About the Castle

Glamis Castle has a fascinating and exciting history. The thaneage of Glamis was granted to Sir John Lyon by King Robert II of Scotland (the first of the Stuart Kings) in 1372.  Glamis was believed to be a royal hunting lodge at the time of its first grant and it was not until the first part of the 15th century that any part of the present structure was built.

Legends and myths have grown around the castle. King Malcolm II was said to have been murdered here in the 11th century. Lady Janet Douglas, widow of Lord Glamis, was burned at the stake as a witch in 1540 by James V. There is said to be a secret room where a nobleman played cards with the Devil himself. 

Glamis today looks more like a French Chateau than a medieval fortress because it was extensively restored in the 17th and 18th centuries. The original tower house remains at the centre of the castle today.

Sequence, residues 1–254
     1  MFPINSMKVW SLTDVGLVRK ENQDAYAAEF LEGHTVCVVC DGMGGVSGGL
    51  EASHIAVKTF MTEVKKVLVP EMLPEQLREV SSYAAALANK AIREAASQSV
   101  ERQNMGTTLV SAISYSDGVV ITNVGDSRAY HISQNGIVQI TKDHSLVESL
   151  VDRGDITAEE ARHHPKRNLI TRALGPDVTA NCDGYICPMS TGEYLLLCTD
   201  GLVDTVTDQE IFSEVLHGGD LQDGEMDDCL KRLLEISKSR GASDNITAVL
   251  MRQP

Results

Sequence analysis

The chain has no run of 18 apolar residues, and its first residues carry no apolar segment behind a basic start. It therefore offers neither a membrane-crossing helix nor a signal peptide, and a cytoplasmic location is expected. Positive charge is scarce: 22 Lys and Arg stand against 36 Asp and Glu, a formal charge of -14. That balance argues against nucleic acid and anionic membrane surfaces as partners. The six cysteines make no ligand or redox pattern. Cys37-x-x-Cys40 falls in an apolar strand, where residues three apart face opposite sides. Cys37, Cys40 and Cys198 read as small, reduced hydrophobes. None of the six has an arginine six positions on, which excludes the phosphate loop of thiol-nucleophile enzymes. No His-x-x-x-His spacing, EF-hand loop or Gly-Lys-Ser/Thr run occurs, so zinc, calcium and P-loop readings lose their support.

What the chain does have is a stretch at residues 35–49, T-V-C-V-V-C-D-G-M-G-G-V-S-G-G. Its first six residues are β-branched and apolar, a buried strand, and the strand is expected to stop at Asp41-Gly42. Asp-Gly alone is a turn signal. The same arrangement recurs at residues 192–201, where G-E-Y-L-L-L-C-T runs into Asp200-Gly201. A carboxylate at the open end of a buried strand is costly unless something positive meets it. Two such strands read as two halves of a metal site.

It has, of course, close connections with the present Royal Family, being the childhood home of Her Majesty Queen Elizabeth The Queen Mother (the youngest daughter of the 14th Earl), and the birthplace of Her Royal Highness The Princess Margaret .

It is the setting for Shakespeare's Macbeth and is referred to several times in the play: - "Glamis thou art" "and yet woulds't wrongly win: thou'dst have great Glamis". It is widely believed that Duncan was murdered here by Macbeth.

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